I briefly examine this theological argument in the midst of chapter 9 in order to highlight that which surrounds this theological treatise. My premise is that divine sovereignty ought never suppress our passion for the lost, nor our diligent prayer for the lost. I am not writing this as a corrective to any particular misconception, though it may be in the providence of God.
Let us attend to the opening verses that bracket the theological portion of Romans 9. How does Paul begin? He begins by noting the anguish he has for those Jews who had not come to saving faith in Christ. He, speaking in hyperbole, would wish himself cut off for the sake of his kinsmen according to the flesh. Could there be any more Christ-like attitude? Consider Isaiah 53 as it speaks of the Servant of the Lord who was "...cut off out of the land of the living, stricken for the transgression of my people" (Is. 53:8). The sovereignty of God in election did not curtail the passion of the apostle for those who had not come to faith. The sovereignty of God in salvation is not an excuse for indifference for the lost, nor ought we be fatalists either. It is worth noting also, that Paul's zeal for the salvation of his kinsmen did not cause him to jettison the God appointed means by which one comes to faith. It is through the means of preaching that people come to faith and thus that is what he does (see Rom. 10:14-15). His zeal does not lead him to unbiblical practice. This ought to reenforce our commitment to the biblical means of grace and seeing that those whom we know have yet to come to faith have opportunity to come into contact with the primary means of grace which is preaching. Preaching, according to the Heidelberg Catechism, is the means by which the Holy Spirit produces faith in our hearts (HC Q&A #65).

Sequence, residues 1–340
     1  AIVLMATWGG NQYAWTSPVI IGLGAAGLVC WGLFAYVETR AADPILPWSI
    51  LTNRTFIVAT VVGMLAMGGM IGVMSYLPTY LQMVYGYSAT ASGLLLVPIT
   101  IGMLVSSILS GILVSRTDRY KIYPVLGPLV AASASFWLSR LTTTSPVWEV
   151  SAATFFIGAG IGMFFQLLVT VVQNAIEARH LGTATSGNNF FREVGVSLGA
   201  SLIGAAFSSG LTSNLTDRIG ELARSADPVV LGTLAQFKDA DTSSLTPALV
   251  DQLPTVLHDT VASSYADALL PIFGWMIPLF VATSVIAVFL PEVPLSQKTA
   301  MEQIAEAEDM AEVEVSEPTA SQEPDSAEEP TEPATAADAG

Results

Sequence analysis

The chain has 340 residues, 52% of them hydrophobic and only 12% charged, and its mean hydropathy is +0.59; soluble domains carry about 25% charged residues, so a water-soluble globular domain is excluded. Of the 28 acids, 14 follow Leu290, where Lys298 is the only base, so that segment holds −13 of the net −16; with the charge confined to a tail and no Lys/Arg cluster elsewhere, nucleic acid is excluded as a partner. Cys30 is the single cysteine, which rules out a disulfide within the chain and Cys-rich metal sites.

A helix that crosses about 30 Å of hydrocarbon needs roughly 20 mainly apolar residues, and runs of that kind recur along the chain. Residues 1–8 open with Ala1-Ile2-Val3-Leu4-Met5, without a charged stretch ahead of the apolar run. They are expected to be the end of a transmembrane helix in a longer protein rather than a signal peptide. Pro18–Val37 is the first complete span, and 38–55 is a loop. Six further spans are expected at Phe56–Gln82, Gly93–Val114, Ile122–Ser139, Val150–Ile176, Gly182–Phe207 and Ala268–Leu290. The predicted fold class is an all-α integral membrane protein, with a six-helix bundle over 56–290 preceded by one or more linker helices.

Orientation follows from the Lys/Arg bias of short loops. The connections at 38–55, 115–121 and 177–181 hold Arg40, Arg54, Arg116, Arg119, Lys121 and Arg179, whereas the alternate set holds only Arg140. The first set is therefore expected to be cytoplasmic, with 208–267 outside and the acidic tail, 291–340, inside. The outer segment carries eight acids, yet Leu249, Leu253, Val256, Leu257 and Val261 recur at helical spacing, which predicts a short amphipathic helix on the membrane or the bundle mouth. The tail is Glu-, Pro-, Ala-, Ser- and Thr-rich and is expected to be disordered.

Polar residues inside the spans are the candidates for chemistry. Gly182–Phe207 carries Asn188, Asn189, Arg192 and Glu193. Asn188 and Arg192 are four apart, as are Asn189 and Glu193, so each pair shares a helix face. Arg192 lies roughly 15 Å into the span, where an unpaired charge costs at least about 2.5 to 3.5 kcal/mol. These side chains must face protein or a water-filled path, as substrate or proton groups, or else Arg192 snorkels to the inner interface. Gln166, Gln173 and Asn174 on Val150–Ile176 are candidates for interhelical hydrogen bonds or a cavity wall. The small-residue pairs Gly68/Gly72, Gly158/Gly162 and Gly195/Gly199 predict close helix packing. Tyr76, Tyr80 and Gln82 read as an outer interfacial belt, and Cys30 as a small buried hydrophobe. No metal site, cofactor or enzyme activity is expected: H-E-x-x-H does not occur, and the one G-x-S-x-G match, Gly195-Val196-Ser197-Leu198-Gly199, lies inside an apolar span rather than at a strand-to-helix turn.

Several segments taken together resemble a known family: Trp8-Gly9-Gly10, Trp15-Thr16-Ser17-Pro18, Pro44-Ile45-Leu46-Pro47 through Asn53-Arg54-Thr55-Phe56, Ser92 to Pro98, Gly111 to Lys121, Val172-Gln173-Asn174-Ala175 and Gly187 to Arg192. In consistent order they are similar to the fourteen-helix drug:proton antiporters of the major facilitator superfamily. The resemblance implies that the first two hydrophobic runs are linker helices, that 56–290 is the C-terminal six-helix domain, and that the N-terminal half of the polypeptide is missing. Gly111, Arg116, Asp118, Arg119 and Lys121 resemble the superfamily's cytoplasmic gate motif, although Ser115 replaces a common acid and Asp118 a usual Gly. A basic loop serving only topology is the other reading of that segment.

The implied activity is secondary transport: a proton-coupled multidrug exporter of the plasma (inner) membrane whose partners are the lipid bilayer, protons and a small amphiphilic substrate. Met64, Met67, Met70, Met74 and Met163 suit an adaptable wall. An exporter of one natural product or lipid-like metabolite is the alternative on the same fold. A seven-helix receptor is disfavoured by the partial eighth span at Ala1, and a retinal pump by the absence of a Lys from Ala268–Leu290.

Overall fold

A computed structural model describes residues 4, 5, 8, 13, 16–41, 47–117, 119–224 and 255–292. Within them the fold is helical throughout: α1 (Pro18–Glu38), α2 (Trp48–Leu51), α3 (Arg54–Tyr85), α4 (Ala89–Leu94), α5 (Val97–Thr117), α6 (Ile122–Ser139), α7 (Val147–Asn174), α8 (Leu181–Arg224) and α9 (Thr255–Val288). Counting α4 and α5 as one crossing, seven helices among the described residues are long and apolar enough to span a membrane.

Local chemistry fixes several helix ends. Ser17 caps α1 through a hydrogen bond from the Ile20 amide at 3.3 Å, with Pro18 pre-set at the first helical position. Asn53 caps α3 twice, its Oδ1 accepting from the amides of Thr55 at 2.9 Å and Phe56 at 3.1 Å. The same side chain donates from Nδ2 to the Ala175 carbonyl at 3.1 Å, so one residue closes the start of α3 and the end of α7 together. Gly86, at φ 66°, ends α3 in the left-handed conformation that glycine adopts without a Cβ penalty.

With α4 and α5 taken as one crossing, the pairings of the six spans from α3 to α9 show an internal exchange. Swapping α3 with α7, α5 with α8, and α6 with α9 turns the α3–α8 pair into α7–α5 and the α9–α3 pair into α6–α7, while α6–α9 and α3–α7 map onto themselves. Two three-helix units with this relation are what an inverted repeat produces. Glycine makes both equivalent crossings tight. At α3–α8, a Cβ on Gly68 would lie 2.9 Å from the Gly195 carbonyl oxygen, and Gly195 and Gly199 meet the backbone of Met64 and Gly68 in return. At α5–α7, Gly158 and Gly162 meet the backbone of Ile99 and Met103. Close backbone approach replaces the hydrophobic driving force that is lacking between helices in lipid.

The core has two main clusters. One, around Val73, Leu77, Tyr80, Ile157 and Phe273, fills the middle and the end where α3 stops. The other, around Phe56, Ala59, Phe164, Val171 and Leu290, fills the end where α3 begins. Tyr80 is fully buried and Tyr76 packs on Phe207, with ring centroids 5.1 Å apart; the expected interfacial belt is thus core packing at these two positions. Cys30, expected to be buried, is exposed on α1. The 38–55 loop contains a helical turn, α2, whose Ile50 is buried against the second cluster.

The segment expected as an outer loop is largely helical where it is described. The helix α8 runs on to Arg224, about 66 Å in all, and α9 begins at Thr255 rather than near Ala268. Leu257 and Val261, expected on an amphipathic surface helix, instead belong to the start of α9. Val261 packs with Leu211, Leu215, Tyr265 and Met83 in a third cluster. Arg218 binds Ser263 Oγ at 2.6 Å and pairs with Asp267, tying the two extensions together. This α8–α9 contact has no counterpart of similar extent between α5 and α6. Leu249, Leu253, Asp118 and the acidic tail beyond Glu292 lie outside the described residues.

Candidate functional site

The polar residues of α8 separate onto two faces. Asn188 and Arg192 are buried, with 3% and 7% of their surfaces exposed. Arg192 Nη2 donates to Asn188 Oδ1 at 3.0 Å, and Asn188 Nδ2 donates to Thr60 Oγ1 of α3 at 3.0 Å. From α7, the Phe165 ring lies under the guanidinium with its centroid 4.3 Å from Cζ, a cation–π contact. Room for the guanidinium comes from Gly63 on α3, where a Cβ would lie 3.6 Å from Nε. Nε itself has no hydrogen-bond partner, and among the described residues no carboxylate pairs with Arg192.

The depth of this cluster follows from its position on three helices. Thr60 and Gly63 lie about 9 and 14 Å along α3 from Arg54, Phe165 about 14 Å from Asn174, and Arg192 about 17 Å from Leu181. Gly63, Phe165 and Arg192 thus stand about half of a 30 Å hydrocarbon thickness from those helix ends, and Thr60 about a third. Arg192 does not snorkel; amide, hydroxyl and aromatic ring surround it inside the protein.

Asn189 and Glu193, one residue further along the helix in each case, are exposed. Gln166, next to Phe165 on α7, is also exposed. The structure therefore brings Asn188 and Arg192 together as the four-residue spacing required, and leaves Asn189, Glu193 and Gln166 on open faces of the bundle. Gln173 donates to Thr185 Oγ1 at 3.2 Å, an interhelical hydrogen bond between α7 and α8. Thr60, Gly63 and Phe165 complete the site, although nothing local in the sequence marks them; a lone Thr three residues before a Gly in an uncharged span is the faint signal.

On the other side of this passage is the prayer of the apostle Paul in which he reenforces his passion for the lost as well as demonstrates his diligent prayer for their salvation. He understands that based on sovereign election all will not be saved, but that does not stop him from praying; because God is sovereign and because this salvation in Christ is a sovereign work of God there is every reason to be praying to God that he would accomplish the work in his people that he purposed to do in the eternal council of the Triune God. Divine sovereignty does not discourage prayer, it is the very foundation of prayer. It is the foundation of prayer because we know that God appoints the ends as well as the means. Thus, Paul prays for the Jews and thus we ought also pray.